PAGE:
Fork-Tailed Bush Katydid
Good times to observe
The false katydids as a group are larger than the meadow katydids, with less membranous, larger and more solid-colored wings. They lack the coneheads’ cones, and are less heavy-bodied than the common true katydid. Round heads are a prominent feature. Bush katydids have a more stretched out overall shape, with proportionately longer narrower wings, than do other members of the false katydid group. The fork-tailed bush katydid is smaller than others in its genus, but physically distinguishing the bush katydids in most cases requires examination of the appendages at the tip of the abdomen. Separating them by song is easier. The song of this one is almost too simple: single tsk sounds, widely separated. It is similar to the secondary song of the greater angle-wing, but is not as loud or sharp, and comes from a lower location than the angle-wing's treetop perch.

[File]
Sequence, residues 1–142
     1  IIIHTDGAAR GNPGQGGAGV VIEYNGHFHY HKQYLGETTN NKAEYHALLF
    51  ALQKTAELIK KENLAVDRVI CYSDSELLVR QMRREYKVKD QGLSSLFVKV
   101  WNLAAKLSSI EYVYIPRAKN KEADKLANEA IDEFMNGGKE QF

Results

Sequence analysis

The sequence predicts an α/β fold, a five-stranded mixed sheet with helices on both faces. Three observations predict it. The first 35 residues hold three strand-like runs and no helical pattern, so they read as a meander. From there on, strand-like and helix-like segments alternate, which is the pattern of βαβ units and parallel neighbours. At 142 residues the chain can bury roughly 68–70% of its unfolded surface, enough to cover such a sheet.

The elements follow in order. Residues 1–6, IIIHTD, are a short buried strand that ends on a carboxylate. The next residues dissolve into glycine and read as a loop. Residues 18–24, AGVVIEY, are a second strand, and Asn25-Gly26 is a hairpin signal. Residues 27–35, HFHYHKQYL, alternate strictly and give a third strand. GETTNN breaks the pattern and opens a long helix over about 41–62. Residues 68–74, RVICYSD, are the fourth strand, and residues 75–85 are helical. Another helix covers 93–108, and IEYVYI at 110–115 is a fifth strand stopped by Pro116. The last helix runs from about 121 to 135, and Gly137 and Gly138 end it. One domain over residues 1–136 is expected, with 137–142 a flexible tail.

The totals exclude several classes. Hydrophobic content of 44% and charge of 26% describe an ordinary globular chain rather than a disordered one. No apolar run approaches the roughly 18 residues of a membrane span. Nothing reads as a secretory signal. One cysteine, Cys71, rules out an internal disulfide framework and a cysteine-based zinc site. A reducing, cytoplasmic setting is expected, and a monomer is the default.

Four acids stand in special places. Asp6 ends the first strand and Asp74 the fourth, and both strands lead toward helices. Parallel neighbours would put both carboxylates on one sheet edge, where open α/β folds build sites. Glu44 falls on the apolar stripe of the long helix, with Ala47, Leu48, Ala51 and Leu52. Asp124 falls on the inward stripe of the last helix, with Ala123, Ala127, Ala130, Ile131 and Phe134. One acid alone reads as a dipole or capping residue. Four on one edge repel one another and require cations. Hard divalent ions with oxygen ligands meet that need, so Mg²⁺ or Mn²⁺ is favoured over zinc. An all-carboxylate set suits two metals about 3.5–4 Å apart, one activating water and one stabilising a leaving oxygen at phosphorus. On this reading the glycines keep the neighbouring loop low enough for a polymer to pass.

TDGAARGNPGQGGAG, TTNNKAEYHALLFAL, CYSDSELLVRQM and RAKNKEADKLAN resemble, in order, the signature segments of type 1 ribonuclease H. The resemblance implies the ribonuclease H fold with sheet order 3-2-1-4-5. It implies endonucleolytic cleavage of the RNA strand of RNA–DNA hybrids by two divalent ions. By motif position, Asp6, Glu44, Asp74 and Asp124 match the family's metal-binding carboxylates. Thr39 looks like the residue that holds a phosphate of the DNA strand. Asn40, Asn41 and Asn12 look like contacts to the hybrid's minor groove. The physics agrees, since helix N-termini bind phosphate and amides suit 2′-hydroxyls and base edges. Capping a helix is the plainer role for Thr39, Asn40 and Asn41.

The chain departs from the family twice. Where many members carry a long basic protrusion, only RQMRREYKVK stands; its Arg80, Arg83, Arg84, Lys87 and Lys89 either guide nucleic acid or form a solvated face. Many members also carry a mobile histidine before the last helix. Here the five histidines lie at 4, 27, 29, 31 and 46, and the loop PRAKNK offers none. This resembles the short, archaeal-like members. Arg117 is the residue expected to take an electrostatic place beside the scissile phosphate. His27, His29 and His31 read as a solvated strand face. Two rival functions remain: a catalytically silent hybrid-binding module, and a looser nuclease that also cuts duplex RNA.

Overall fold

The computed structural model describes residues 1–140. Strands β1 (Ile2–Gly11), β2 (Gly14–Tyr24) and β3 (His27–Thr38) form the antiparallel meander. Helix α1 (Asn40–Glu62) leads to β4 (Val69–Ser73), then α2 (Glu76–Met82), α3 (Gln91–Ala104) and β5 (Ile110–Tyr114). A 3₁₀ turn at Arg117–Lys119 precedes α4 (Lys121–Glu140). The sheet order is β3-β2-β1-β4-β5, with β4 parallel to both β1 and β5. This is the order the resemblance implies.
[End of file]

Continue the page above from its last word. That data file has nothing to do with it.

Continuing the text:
DuPage County Notes
The fork-tailed bush katydid can be found on grass, trees, and bushes, especially on edges of meadows, marshes, etc. It also (and perhaps mainly) occurs in trees, both scattered and in forests. Its abundance and distribution are difficult to determine, given the similarity of its simple song to the secondary song of the abundant, widely distributed greater angle-wing. Though called “uncommon” here, that is subject to change.